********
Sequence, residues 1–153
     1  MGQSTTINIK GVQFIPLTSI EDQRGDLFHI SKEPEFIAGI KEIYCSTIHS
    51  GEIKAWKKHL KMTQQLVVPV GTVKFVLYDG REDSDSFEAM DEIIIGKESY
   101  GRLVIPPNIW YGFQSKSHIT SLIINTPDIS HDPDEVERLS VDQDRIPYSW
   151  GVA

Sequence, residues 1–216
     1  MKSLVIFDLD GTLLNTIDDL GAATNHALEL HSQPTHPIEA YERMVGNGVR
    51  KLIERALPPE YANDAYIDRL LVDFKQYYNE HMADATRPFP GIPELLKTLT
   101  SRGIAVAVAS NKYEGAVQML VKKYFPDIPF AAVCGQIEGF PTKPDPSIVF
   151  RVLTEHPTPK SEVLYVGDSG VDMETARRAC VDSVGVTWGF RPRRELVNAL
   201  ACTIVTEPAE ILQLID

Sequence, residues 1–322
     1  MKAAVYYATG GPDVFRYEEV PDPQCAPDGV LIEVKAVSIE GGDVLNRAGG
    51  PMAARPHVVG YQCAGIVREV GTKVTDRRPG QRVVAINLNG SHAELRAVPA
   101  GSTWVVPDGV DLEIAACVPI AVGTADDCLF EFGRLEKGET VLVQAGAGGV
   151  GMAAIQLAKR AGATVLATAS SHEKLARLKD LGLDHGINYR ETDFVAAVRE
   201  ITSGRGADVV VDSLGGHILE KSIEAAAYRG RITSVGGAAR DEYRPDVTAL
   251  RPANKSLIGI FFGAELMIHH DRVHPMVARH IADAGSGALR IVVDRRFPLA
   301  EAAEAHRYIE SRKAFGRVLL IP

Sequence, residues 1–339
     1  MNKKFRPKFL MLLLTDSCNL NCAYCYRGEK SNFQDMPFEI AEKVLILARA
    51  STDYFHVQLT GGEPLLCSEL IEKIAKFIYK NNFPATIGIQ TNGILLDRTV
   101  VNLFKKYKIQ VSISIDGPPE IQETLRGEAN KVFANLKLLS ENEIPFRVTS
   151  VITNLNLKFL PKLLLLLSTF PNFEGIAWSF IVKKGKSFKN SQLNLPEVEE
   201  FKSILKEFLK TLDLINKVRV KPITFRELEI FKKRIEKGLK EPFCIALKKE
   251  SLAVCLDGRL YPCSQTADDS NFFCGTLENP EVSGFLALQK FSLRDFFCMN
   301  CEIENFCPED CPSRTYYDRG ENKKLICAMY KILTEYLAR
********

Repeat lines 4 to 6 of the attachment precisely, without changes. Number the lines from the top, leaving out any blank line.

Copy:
   101  GRLVIPPNIW YGFQSKSHIT SLIINTPDIS HDPDEVERLS VDQDRIPYSW
   151  GVA

Sequence, residues 1–216